Tag: mobile gaming kids

Mobile gaming addicting to young consumers

Mobile Gaming addictive for childrenMobile gaming draws criticism for focus on children

It is no secret that mobile games are designed to keep people playing them as long as possible. The longer a person plays a mobile game, the more exposed they are to the various advertisements and services being offered through that game. The mobile gaming space has been seeing more criticism for this common practice recently, however, because of the fact that many mobile games are played, if not designed specifically for, children.

Kytephone report shows Rovio games are the most addictive

A new report from Kytephone, a company that offers tools for the Android platform that are designed for child safety, shows that children are very susceptible to addictive mobile games. The report shows that many mobile games, especially those that are free to download, are very popular among the younger audience. The company drew its data from more than 13,000 children between the ages of 8 and 14. Kytephone found that the most addicting titles in the mobile gaming space came from Rovio, the developers of the Angry Birds franchise.

Rovio games beat out other titles on the mobile platform

During the 2012 holiday season, Kytephone found that children were spending 51% more time on mobile gaming than they had been during other times of the year. The majority of this time was spent on various Rovio titles, including Angry Birds and Angry Birds Star Wars. Other titles that are popular with children on other platforms, such as Minecraft, fell well behind Rovio in terms of mobile gaming. While most of these games are not associated with any fees, they do expose children to advertisements and often encourage the spending of money in order to unlock new services.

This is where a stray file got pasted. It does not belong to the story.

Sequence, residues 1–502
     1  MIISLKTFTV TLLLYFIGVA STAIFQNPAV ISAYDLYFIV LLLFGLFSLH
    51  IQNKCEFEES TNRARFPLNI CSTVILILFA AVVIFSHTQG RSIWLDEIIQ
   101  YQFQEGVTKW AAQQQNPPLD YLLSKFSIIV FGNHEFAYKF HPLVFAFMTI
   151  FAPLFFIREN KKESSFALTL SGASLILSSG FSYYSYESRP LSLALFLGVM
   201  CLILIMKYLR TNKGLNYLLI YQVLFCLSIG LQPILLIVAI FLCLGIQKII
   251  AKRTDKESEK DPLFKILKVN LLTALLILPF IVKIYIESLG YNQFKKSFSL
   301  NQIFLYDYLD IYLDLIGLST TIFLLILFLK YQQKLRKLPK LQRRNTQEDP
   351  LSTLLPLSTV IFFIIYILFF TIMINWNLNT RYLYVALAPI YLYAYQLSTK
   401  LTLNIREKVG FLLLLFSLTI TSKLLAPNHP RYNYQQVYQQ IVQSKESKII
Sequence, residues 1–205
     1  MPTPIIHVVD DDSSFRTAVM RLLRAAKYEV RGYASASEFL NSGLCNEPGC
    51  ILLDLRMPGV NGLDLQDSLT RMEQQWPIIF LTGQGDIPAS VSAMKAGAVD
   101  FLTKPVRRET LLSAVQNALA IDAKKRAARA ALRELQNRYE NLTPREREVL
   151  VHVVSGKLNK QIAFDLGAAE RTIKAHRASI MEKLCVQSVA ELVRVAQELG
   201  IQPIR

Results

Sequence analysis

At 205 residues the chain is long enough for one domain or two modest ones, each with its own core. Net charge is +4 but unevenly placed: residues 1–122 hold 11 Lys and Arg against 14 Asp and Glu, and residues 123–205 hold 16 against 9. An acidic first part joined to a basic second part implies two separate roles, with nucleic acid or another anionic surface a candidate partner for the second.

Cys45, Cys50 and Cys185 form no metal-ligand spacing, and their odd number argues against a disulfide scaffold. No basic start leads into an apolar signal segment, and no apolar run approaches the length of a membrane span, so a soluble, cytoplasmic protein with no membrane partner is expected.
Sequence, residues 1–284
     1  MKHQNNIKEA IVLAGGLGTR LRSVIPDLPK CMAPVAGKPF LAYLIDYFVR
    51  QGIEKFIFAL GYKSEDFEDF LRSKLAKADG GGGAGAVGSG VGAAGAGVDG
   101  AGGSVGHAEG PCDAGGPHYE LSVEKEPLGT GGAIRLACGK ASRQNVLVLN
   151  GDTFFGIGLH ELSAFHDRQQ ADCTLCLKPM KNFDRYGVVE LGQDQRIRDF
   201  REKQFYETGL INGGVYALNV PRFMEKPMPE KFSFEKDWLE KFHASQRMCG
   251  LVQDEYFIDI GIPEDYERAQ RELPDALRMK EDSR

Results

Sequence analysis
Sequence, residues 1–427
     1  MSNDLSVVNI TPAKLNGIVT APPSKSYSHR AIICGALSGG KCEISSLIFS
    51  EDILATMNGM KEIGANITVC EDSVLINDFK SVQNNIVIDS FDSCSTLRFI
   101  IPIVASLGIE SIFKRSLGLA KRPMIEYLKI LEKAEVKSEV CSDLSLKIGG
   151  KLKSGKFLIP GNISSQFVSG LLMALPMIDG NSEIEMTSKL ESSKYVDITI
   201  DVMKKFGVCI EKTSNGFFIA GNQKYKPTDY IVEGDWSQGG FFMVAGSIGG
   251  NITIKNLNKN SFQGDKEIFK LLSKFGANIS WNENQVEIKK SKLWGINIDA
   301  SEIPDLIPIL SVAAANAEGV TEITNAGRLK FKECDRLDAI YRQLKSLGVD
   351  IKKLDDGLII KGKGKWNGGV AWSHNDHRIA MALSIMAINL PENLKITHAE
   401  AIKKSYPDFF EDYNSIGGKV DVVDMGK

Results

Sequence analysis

Mobile games could be exposing children to advertisements designed to encourage them to pay for services

Mobile gaming has begun attracting critical attention because of its apparent focus on appealing to a very young audience. For entertainment purposes, this is rarely a problematic issue. Mobile gaming applications do not exist for the sole purpose of entertainment, however, as most developers in the mobile gaming space rely heavily on putting advertisements within the games to generate revenue. These advertisements can also collect personal information from a consumer, putting a child’s personal information at some degree of risk.

Mobile gaming set to change with new COPPA rules

mobile gaming security rules childrenFTC issues amendments to COPPA that could affect mobile gaming

Earlier this month, The Federal Trade Commission (FTC), a U.S. agency committed to promoting consumer protection, issued a call to the mobile applications industry to bolster their security measures for applications that are designed for children. Mobile gaming application are rampantly popular among children, and the FTC believes that the majority of these applications do not have adequate security measures in place to protect the information of consumers. The agency has released amendments to the Children Online Privacy Protection Act (COPPA) this week detailing some of the changes that must be made to mobile gaming and the applications business in general.

Developers banned from collecting information from children

According to the COPPA amendments, mobile gaming applications are completely forbidden from collecting personal data from users that are under the age of 13. Developers will have to received parental consent in order to obtain this information. The ban keeps mobile gaming applications from collecting geographic information as well in an attempt to provide young consumers with another layer of protection. Geographic information is often used in marketing to target specific demographics.

Developers tasked with securing personal information

The changes to the COPPA law also close a loophole that allowed applications to collect a wide assortment of information from consumers. These applications often use third party solutions to acquire personal information from users. The FTC notes that developers and applications providers will need to take reasonable steps in securing the protection of a child’s personal information and ensure that this information is kept confidential.

COPPA changes may be difficult to comply with due to consumer honesty

Changes to COPPA may have an impact on the mobile gaming sector, but app developers are likely to adapt well to the changes. There are concerns that children often use mobile applications without the consent of their parents. Protecting the information of young consumers is largely linked to the honesty of these consumers, which can be a problematic issue as young consumers tend to bend the truth in order to gain access to applications that may not be suitable for their age group.